Actinopterygii (ray-finned fishes) > Cypriniformes
(Carps) > Cyprinidae
(Minnows or carps) > Leuciscinae
Etymology: Rutilus: Latin, rutilus = reddish (Ref. 45335).
Environment / Climate / Range
Freshwater; brackish; benthopelagic; pH range: 7.0 - 7.5; dH range: 10 - 15; potamodromous (Ref. 51243); depth range 15 - ? m. Subtropical; 10°C - 20°C (Ref. 1672); 71°N - 36°N, 10°W - 155°E
Length at first maturity / Size / Weight / Age
Maturity: Lm 14.0  range ? - ? cm
Max length : 50.0 cm SL male/unsexed; (Ref. 59043); common length : 25.0 cm TL male/unsexed; (Ref. 556); max. published weight: 1.8 kg (Ref. 4699); max. reported age: 14 years (Ref. 41616)
soft rays: 9 - 13;
Vertebrae: 39 - 41. The only species of the genus in Atlantic basin north of Pyrénées which can be distinguished from its congeners in Black and Caspian Sea basins and Apennine Peninsula by the combination of the following characters: 39-41 + 2-3 (41-44 total) scales along lateral line; dorsal and anal fins with 10½ branched rays; body laterally compressed, depth 25-35% SL; mouth terminal; snout pointed; iris from yellow in juveniles to deep red in adults; pectoral, pelvic and anal fins orange to red; and no midlateral stripe. Differs from its congeners in Balkan Peninsula by uniquely possessing 10½ branched anal rays (Ref. 59043). Caudal fin with 18-19 rays (Ref. 2196).
Europe: north to Pyrenees and Alps, eastward to Ural and Eya drainages (Caspian basin); Aegean basin in Pinios, Vardar, Vegoritis, Kastoria, Struma and Maritza drainages. Asia: Marmara basin and lower Sakarya in Anatolia, Aral basin, and Siberia from Ob eastward to Lena drainages. Naturally absent from Iberian Peninsula, Adriatic basin, Italy, Great Britain north of 56 N, Scandinavia north of 69° N. Locally introduced in Spain; introduced and invasive in northeastern Italy. At least one country reports adverse ecological impact after introduction.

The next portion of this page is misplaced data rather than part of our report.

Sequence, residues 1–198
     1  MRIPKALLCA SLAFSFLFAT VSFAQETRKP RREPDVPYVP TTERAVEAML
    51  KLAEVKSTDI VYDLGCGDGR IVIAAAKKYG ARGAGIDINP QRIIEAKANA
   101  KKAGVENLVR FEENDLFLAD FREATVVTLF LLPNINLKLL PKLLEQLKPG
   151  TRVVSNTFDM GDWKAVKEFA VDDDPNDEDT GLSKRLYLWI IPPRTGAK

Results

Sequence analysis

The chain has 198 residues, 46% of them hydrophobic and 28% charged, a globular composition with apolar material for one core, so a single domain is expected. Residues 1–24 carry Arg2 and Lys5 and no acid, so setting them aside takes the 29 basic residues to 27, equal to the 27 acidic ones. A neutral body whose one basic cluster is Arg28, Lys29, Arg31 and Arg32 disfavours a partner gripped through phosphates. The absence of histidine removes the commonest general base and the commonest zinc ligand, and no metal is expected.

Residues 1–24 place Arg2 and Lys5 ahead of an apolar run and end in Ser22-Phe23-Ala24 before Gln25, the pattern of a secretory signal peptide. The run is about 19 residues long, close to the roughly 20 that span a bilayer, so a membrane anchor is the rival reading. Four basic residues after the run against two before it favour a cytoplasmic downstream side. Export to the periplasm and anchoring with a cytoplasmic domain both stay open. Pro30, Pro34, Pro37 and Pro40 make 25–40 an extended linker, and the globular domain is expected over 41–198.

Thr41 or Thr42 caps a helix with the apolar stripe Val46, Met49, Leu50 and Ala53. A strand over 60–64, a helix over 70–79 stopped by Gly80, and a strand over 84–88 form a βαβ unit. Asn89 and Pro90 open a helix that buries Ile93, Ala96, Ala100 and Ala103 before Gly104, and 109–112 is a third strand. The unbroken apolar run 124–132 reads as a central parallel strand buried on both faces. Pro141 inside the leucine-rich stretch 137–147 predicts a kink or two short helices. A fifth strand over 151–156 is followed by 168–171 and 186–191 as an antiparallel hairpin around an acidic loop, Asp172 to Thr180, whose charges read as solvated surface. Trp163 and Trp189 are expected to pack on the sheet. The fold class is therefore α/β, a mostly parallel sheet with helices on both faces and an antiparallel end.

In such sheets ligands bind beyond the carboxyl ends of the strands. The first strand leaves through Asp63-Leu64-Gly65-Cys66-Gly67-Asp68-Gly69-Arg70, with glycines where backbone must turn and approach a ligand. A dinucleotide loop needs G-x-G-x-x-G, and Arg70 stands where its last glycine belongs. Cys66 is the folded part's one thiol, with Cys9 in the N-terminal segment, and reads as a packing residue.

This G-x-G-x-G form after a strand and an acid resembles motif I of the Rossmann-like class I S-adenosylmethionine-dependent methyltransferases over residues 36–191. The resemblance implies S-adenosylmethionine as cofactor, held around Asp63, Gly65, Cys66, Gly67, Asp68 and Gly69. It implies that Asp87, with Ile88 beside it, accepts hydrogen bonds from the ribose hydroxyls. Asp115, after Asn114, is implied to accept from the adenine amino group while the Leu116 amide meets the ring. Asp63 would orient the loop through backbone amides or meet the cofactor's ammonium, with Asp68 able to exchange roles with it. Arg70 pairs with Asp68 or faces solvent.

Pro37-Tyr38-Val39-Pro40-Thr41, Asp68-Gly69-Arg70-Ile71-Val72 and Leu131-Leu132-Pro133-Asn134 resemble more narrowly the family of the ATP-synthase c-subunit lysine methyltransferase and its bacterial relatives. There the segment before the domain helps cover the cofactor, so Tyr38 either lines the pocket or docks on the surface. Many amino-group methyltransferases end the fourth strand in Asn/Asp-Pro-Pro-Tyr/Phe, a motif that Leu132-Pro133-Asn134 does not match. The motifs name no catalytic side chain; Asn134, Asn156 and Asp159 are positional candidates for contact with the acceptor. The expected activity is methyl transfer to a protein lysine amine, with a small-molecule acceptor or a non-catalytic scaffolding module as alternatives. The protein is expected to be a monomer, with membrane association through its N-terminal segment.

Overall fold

Found in a wide variety of habitats, mainly in lowland areas. Most abundant in nutrient-rich lakes and large to medium sized rivers and backwaters. Also recorded from small lowland streams and from brackish coastal lagoons. In fast-flowing rivers, confined to stretches where backwaters or shelters allow for overwintering. Larvae and juveniles live in wide variety of littoral habitats. Preys predominantly on benthic invertebrates, zooplankton, plant material and detritus. May shift from littoral to pelagic habitats and between benthic food and zooplankton when abundance of a specific food item is high or for avoidance of predation and/or competition. Breeds among dense submerged vegetation in backwaters or lakes, flooded meadows or in shallow, fast-flowing river habitats on plant or gravel bottom. Undertakes short spawning migrations. Stays in backwaters or in deep parts of lakes to overwinter. Produces fertile hybrids with Abramis brama (Ref. 59043). Pale yellow eggs are found attached to vegetation and tree roots (Ref. 41678). There is only little commercial fishing for this species, but valued for recreational fishing. Utilized fresh and dried or salted; can be pan-fried, broiled and baked (Ref. 9988).
Kottelat, M. and J. Freyhof, 2007. Handbook of European freshwater fishes. Publications Kottelat, Cornol, Switzerland. 646 p.
IUCN Red List Status (Ref. 90363)
Threat to humans
Potential pest (Ref. 59043)
Fisheries: commercial; aquaculture: commercial; gamefish: yes
Estimates of some properties based on empirical models
Phylogenetic diversity index (Ref. 82805
= 0.5000 [Uniqueness, from 0.5 = low to 2.0 = high].
Bayesian length-weight: a=0.00871 (0.00761 - 0.00997), b=3.15 (3.11 - 3.19), based on LWR estimates for this species (Ref. 93245
Trophic Level (Ref. 69278
): 2.8 ±0.3 se; Based on diet studies.
Resilience (Ref. 69278
): Medium, minimum population doubling time 1.4 - 4.4 years (K=0.10-0.21; tm=2-3; tmax=12).
Vulnerability (Ref. 59153
): Moderate vulnerability (37 of 100) .